(and everyone in the dream is you)
then when you stand naked in the classroom,
you are the classmates, the teacher, and the flesh.
And when your mother drowns you in the tub
you are the mother, the child, and the bathwater.
And when all your teeth fall out at once, think
of yourself as not just the Chiclets clattering
to the tile, not just the empty mouth gaping, gums
softening like frozen yogurt melt. No, think
of yourself as the fall too, not the thing that will fall,
or the thing that has fallen, not the force behind
the falling, nor the thing that falls. You are the verb,
the act of, the motion as it moves.

Megan Nichols

from Threepenny Review

Not Monday, but…

I will be rafting next week, so this post is for next Monday.  I saw this lovely lobster poem in Sean the Sharpener’s morning missive–poems about crustaceans. I had previously posted Nemerov’s wonderful lobster poem. Kay had an “s” on flamenco, which I ruthlessly and presumptuously removed. I hope she doesn’t mind. Also in Sean’s post was a link to a Robert Johnson tune,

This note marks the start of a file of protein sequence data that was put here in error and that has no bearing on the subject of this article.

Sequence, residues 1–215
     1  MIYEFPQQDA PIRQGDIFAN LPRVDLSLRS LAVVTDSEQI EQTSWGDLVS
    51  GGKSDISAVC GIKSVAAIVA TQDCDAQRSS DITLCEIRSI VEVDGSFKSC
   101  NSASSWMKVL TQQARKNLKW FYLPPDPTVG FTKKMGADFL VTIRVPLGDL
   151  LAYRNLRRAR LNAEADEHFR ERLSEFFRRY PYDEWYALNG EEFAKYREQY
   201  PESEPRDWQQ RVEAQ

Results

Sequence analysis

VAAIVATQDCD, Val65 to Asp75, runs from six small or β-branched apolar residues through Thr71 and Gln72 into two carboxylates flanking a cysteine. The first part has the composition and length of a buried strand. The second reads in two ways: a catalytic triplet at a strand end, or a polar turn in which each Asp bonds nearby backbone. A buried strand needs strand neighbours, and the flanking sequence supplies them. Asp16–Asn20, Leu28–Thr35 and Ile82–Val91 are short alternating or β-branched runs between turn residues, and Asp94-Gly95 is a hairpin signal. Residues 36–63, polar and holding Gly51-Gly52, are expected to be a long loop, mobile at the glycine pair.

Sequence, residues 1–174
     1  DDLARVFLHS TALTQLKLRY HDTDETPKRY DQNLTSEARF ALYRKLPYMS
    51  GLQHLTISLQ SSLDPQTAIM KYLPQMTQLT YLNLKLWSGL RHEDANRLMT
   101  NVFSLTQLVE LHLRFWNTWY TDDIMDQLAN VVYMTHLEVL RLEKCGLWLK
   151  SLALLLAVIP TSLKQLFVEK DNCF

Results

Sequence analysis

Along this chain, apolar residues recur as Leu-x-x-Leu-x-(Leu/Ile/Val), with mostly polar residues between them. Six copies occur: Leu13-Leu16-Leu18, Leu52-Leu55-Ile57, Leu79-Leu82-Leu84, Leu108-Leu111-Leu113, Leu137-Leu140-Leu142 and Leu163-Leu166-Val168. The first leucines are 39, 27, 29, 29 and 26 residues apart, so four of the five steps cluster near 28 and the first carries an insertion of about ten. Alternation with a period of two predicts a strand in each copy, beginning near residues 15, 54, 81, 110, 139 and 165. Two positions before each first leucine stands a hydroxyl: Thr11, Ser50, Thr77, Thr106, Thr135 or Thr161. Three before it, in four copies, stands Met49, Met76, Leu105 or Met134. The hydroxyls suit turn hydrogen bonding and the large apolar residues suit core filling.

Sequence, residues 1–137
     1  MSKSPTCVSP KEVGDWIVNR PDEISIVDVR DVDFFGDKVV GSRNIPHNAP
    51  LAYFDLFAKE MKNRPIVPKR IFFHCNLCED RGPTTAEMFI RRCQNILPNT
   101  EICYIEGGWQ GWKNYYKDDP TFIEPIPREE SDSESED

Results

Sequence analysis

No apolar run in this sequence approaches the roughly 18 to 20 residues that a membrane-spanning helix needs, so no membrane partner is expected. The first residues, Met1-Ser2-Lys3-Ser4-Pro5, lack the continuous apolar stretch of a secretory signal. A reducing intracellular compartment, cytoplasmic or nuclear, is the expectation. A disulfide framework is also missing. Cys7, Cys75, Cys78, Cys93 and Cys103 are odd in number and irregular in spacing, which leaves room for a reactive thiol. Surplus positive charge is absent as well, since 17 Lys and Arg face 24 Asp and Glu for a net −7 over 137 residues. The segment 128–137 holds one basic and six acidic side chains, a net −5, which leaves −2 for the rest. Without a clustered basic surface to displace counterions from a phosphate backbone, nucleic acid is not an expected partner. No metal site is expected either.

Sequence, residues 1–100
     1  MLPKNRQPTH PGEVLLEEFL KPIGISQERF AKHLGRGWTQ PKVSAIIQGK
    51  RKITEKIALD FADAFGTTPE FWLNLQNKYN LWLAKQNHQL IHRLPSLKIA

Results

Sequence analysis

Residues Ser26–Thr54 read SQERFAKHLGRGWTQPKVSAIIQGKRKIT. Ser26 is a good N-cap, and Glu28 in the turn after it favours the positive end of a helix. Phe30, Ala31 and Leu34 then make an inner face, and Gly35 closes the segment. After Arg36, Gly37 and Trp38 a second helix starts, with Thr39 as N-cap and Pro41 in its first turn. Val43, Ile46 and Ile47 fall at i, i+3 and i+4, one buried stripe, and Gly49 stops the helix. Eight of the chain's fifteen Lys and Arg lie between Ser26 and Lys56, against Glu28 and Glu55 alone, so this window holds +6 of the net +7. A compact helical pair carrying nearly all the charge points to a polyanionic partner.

I enjoy Robert Johnson’s music, but to me every tune of his seems the same, which I mentioned to Larry. “But that’s because when Alan Lomax recorded him, he only wanted him to play the blues,” said Larry. “He played all kinds of music, popular tunes, dance tunes, whatever people wanted, but that’s the only recording of him we have.”

He went on to tell me that when Lomax’s recording came out, in 1961 it had a huge influence on the Rolling Stones and other rock groups in England, which then came back across to influence American rock and roll. Robert Johnson was almost unknown when he died, and for decades after, but when that record came out his influence was huge.

“Too bad he’d already sold his soul at the crossroads and died,” I commented, referring to a legend about Johnson.

“Well, at least he attained an aristocratic place in hell,” was Larry’s quick response.

All this to bring you this little poem:

Crustacean Island

There could be an island paradise
where crustaceans prevail.
Click, click, go the lobsters
with their china mits and
articulated tails.
It would not be sad like whales
with their immense and patient sieving
and the sobering modesty
of their general way of living.
It would be an island blessed
with only cold-blooded residents
and no human angle.
It would echo with a thousand castanets
and no flamenco.

Kay Ryan
from Elephant Rocks